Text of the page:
The first time I was sexually assaulted I was a teenager. And a stripper.

And I still didn’t deserve it.

It was during the 90s, before there was Craigslist or smartphones. I was homeless, had to drop out of college because I couldn’t afford the tuition, and had no idea what to do next. There were only two things I could confidently say about myself at the time. First, I was smart. Second, I had big tits.

My brain didn’t seem to be able to keep me housed and in school, so my next option was to turn to my body — the last thing that I owned — to try and pull my life together. I needed to get back into college and I needed housing. Minimum wage jobs weren’t keeping up with California rent and I didn’t know how much longer I could make it both figuratively and physically.

I grabbed a newspaper, as one did in the 90s, and turned to the Help Wanted page. I found myself a “nude modeling” gig with a “photographer,” and went to work.

When I got to his apartment, the first thing he asked me was if he could sniff my panties. I told him I wasn’t comfortable with that, but he told me that if I wanted the job, I’d have to give him my panties. I still remember how sickened I felt watching his face contort as he practically suffocated himself with my underwear. I still gag at the thought of it.

There’s not much more I remember after that, except the few fragments of memory that refuse to stop playing over and over in my mind.

I remember there was a thick dust in the air that I could see floating in sunbeams that pierced through the bent and broken slats of his bedroom blinds as he told me how he wanted me to pose for him. I remember him putting the camera down and walking towards the bedroom door. It was beige. I remember with tunnel vision his short fat fingers turning the lock. And I cannot forget him saying, “If you don’t suck my dick, I’m going to kill you.”

That was the first time.

The last time, I was a PhD student in my 30s. It was 3 days before my final oral exam — which I passed. I was wearing a baggy sweater, loose jeans and was held at gunpoint. I didn’t deserve it then either.

I didn’t deserve the violence inflicted upon me. I didn’t deserve the trauma and mental anguish that resulted. I don’t deserve the fear I often experience for myself and I don’t deserve the absolute anger and horror wrought by having to look at my daughter and know that she is growing up in a nation that gets off on rape and that I don’t know if I can protect her from it or not.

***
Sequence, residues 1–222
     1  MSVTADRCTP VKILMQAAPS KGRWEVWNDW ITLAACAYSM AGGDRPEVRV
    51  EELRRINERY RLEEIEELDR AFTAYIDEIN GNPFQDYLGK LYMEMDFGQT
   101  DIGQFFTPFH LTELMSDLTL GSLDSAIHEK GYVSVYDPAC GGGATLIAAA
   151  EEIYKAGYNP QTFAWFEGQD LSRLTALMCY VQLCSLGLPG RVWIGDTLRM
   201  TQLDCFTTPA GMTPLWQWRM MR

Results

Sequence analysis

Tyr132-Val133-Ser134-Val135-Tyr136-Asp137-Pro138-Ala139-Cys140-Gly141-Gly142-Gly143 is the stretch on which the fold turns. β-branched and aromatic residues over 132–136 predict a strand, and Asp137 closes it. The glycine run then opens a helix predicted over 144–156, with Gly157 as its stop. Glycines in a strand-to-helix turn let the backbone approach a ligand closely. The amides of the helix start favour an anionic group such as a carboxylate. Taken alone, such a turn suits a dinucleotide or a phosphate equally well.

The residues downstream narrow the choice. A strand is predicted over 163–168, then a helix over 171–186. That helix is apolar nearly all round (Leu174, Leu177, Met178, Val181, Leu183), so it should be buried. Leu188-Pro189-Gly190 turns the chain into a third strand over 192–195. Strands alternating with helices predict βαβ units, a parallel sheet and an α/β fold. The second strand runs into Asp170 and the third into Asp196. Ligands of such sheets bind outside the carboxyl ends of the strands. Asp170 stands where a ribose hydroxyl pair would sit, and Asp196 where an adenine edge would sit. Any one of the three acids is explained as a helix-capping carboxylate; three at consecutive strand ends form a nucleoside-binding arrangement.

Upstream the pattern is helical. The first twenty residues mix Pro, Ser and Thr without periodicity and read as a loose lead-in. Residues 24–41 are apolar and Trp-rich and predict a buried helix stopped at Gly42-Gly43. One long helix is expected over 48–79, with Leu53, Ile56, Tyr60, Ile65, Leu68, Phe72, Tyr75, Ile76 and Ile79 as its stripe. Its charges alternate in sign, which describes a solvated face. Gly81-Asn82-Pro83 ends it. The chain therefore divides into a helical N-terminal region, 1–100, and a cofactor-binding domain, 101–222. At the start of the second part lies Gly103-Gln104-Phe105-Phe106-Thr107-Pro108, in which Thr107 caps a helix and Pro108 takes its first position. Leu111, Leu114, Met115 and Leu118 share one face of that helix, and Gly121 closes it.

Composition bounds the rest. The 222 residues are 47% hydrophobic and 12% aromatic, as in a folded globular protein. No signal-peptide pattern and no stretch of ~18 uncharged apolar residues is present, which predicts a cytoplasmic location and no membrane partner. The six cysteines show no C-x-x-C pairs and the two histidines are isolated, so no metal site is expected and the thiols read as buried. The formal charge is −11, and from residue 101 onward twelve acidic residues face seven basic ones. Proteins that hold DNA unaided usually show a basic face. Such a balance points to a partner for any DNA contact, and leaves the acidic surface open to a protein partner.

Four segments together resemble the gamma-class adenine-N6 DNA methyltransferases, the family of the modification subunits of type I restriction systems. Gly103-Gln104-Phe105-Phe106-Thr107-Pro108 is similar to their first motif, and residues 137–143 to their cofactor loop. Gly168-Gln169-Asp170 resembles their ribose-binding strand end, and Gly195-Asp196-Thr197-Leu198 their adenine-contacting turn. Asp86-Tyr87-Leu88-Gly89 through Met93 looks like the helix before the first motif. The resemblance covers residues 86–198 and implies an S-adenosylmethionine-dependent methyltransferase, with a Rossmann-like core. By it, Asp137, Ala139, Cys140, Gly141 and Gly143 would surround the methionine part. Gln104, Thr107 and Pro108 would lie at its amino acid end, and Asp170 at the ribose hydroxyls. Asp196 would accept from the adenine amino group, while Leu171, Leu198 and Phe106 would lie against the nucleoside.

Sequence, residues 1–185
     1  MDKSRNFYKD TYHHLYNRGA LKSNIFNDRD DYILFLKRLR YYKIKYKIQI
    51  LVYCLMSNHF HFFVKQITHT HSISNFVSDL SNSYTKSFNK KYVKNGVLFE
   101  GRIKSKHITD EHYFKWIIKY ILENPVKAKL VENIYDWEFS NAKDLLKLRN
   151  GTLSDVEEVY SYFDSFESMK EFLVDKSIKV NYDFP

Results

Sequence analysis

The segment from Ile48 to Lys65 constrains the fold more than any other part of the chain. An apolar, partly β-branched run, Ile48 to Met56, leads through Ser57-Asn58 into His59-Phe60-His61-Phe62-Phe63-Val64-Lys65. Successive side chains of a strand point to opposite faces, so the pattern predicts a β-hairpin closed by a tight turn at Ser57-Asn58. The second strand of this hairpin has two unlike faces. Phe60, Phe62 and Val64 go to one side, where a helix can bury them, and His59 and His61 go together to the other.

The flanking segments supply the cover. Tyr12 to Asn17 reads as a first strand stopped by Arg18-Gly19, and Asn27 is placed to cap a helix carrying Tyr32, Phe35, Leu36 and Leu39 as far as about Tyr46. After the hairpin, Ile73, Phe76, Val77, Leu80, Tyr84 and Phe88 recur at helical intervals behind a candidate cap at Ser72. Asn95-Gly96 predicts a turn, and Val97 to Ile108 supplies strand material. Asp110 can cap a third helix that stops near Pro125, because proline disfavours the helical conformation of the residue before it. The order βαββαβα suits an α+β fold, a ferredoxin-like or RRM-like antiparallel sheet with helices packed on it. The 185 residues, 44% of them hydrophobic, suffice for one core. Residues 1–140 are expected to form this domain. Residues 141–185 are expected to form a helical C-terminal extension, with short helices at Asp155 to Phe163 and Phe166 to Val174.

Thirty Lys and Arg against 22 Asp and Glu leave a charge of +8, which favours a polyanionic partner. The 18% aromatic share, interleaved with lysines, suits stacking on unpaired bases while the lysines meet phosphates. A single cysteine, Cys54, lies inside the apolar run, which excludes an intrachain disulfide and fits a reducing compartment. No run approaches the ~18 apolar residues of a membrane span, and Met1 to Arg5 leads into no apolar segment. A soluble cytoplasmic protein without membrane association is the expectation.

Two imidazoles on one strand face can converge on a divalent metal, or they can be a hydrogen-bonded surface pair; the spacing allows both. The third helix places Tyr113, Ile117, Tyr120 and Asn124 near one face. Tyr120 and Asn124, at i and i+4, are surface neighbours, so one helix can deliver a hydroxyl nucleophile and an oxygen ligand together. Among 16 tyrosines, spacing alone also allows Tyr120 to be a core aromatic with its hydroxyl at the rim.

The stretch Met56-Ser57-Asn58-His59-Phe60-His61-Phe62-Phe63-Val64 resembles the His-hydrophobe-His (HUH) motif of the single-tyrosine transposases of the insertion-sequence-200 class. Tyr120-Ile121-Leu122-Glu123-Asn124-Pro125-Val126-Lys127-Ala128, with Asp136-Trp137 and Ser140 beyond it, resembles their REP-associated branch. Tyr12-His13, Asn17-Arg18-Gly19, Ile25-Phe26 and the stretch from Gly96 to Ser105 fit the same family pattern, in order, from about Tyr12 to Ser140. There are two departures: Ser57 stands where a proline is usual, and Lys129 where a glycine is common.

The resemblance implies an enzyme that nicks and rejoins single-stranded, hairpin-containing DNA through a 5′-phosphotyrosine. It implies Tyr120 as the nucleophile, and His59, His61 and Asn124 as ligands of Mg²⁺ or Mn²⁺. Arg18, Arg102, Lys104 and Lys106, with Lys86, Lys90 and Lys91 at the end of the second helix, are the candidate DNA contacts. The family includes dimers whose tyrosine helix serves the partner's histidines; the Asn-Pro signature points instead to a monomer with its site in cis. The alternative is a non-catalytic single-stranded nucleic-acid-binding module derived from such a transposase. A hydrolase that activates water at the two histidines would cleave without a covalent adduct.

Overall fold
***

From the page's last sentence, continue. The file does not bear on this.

It’s apparently not enough, though, that 99% of accused sexual assaulters walk free. It’s not enough that women are blamed for our own assaults and slandered in the media and the courts. It’s not enough that it is constantly shoved down our throats that this is a nation where a man can do whatever he’d like to a woman’s body and feel entitled to laugh about it with his friends in a locker room. And that still isn’t enough! More needs to be done, apparently, to ensure that not only is sexual assault all but legally permissible in the United States, but that it is a nation that systematically creates victims.

This year alone we’ve seen Trump, Cosby, Ailles, O’Reilly and now Weinstein all become trending media topics specifically for their sexual attacks on women. Survivors come out with their stories. Those stories ignite public outcry and debate. Images and heart wrenching narratives are fed to the public. The hashtag fizzles when another trending topic appears. The media enthusiastically waits for the next sex scandal to break. And nothing else happens.

Well, not nothing. While we are all entrenched in the gory details of accusations and water cooler declarations of moral outrage, the federal government has been openly attacking women’s rights and repealing the few protections we have left. Betsy DeVos, for example, recently rolled back Title IX protections for sexual assault victims on college campuses and Trump revoked the 2014 Fair Pay and Safe Workspaces Act. The former places the rights of the accused over the rights of the victimized while the latter allows companies to hide previous accusation of discrimination, harassment, and assault in the workplace from the courts and the public. Companies like Weinstein, Co.

And this is why, as putrid as the accusations against Weinstein are, he has a very good chance of walking free, and worse — he will, without a shadow of a doubt, not be the last executive to use his position to force himself on a woman. The only thing we can be guaranteed of is that we must teach our daughters that the workplace is set up to take advantage of women in the most intimate ways possible and that we might not be able to protect ourselves.

And I can’t take that. No one should be able to stomach that truth.

Everyone should be sickened by Harvey Weinstein, Trump, O’Reilly, Ailes and every other man that’s ever inappropriately touched or harassed a woman. But, it’s going to take more than attacking every celebrity abuser in the nation one by one to stop or even curb sexual assault in the United States.

Our laws allow predatory men and organizations to continue to function in society while simultaneously blaming women for our own victimization. If we continue to focus on people instead of policy, we continue to create a nation where women are legally prey. If we continue to foam on social media over story after story of abuse without doing the work to protect women and our rights — we are complicit in feeding that machine.

So yes, get angry at Weinstein. But get angrier at the policies that allow Weinstein and those like him to use his power to force himself onto women and the policies that allow men like him to walk free. Make our stories mean something more than just another gasp and a retweet. Start with this story.

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